From the Dust of the Trade Center Tragedy Comes Hope for Better Airport Security

When I came into my office on the last day of our magazine’s production cycle for the October issue, I had an entirely different plan for my editorial. That was before, along with the rest of the world, I learned of the horrific terrorist attack on New York’s World Trade Center and The Pentagon.

It’s Sept. 11, 2001, and, much like Dec. 7, 1941, when Pearl Harbor was attacked, it’s a day of infamy that will forever be etched into America’s collective consciousness. As I sit here writing this, amid the chaos and flood of TV reports depicting our great nation being torn apart, I am overcome with emotion, as well as disbelief, that such a heinous act of evil and destruction could have taken place.
Like many of you, as a long-time member of the electronic security community, this tragedy affects me deeply on a personal level. In addition, I was just blocks away from the World Trade Center a few days ago for ISC East, and one of the four jets hijacked by the terrorists crashed just outside of Pittsburgh, my boyhood home.

I’m upset, but it’s not just sadness and despair I feel. I am also seething with anger. Not only am I angry that there are despicable fanatics out there who would intentionally murder innocent people, but I am also outraged about the substandard security that exists at our airports. The fact is that most U.S. airports do not use advanced electronic security equipment and their security personnel is typically undertrained and inadequately supervised. In addition, often the equipment they do use is not properly maintained.

Prior to recently becoming publisher of Security Sales, I spent the better part of two decades as a traveling salesman in this industry. Every time I went through an airport, I always thought to myself how bogus the security measures were. In one particular case, I could tell the equipment in the screening area was not properly adjusted. I then informed the security personnel, who were clearly just going through the motions.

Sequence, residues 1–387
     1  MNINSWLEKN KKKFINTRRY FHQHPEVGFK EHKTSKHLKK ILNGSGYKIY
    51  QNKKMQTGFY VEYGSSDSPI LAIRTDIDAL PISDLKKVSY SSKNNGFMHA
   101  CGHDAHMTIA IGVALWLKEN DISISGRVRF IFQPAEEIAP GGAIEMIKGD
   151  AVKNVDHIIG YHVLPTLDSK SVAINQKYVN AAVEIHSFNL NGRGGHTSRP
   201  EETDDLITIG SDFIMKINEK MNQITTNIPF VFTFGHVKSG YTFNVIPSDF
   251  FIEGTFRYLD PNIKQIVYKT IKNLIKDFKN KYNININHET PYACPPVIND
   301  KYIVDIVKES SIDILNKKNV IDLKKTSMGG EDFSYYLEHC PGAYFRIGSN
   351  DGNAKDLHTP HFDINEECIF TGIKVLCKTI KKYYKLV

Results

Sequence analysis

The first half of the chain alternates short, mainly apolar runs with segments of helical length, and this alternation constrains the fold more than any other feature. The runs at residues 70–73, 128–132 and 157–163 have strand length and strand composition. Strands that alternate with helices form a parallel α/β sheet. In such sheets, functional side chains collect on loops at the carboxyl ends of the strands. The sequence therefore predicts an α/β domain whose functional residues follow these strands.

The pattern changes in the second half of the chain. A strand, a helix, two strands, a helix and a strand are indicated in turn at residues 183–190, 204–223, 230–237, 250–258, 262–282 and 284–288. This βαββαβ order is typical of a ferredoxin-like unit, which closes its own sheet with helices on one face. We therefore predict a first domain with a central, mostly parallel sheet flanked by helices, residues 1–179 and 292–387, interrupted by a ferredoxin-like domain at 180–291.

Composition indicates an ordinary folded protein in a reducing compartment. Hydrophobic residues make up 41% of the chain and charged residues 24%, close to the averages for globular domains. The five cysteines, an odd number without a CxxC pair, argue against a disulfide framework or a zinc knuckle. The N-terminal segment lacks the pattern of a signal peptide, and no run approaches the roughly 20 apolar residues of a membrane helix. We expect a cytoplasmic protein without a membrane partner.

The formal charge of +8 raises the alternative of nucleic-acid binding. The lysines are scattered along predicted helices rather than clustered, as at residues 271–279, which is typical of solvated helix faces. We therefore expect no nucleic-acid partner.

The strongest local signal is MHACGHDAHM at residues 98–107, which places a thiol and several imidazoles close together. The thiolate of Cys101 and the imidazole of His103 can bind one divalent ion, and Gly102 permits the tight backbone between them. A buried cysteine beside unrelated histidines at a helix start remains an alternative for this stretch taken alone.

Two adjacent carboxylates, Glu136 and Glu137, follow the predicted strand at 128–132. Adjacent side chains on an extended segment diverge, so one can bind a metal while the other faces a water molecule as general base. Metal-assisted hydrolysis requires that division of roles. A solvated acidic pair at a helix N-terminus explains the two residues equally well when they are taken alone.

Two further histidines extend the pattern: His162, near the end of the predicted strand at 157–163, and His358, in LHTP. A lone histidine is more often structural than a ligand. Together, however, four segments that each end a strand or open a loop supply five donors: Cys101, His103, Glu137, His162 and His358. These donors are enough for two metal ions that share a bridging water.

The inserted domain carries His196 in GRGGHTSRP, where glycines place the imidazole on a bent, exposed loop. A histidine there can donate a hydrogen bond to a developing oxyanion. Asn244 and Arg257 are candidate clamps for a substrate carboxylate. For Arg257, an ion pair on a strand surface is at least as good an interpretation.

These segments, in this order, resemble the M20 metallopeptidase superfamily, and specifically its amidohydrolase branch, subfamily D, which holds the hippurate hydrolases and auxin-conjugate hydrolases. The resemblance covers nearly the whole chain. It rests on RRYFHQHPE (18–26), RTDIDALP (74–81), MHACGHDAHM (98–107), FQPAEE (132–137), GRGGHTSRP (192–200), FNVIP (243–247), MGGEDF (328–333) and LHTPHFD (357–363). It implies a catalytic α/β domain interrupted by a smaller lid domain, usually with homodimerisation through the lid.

As reported in the March 2000 issue of Security Sales (see Editor Scott Goldfine’s “ADT’s Aviation Security Makes Miami’s Skies Friendlier” on page 90 of that issue), a Federal Aviation Administration (FAA) audit of airport access control by airport operators and air carriers resulted in the successul penetration of secure areas on 117 of 173 attempts (68 percent) from the nonsterile (post-screening) areas of the airport. In addition, 283 of the 392 employess (72 percent) FAA testers encountered in secure areas failed to challenge them for unauthorized access.
The time has come for airports and other highly trafficked facilities to place security at the top of their agenda rather than relegating it to an afterthought, which is frequently the case. Airports and air carriers must realize that, yes, profit margins, aircraft maintenance and schedules are important, but properly maintained, high-technology security equipment, and properly supervised, skilled security personnel, are even more critical.

As electronic security professionals, it is our job to help impress upon corporate decisionmakers the necessity and urgency of optimal security measures. It is also vital that our industry’s associations get this message across to the general public. Together, we can make a difference; we must make a difference.

Although, as of this writing, the details and culprits of today’s atrocities are yet to be fully known, I hope you will join the entire Security Sales staff in expressing our deepest sympathies to the victims and their families.

The time has come for airports and other highly trafficked facilities to place security at the top of their agenda rather than relegating it to an afterthought.

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